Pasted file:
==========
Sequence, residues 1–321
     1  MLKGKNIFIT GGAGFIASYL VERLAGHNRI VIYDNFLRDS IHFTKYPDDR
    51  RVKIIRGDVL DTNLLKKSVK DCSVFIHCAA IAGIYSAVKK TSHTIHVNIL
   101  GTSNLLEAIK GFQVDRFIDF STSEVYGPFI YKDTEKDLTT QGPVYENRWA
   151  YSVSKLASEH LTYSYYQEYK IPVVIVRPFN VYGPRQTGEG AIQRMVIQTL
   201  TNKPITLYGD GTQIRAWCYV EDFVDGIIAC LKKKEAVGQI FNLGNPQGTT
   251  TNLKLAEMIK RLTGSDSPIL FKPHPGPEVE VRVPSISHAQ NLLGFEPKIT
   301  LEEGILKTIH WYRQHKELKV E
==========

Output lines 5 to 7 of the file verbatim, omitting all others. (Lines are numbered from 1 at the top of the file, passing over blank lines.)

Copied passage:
   151  YSVSKLASEH LTYSYYQEYK IPVVIVRPFN VYGPRQTGEG AIQRMVIQTL
   201  TNKPITLYGD GTQIRAWCYV EDFVDGIIAC LKKKEAVGQI FNLGNPQGTT
   251  TNLKLAEMIK RLTGSDSPIL FKPHPGPEVE VRVPSISHAQ NLLGFEPKIT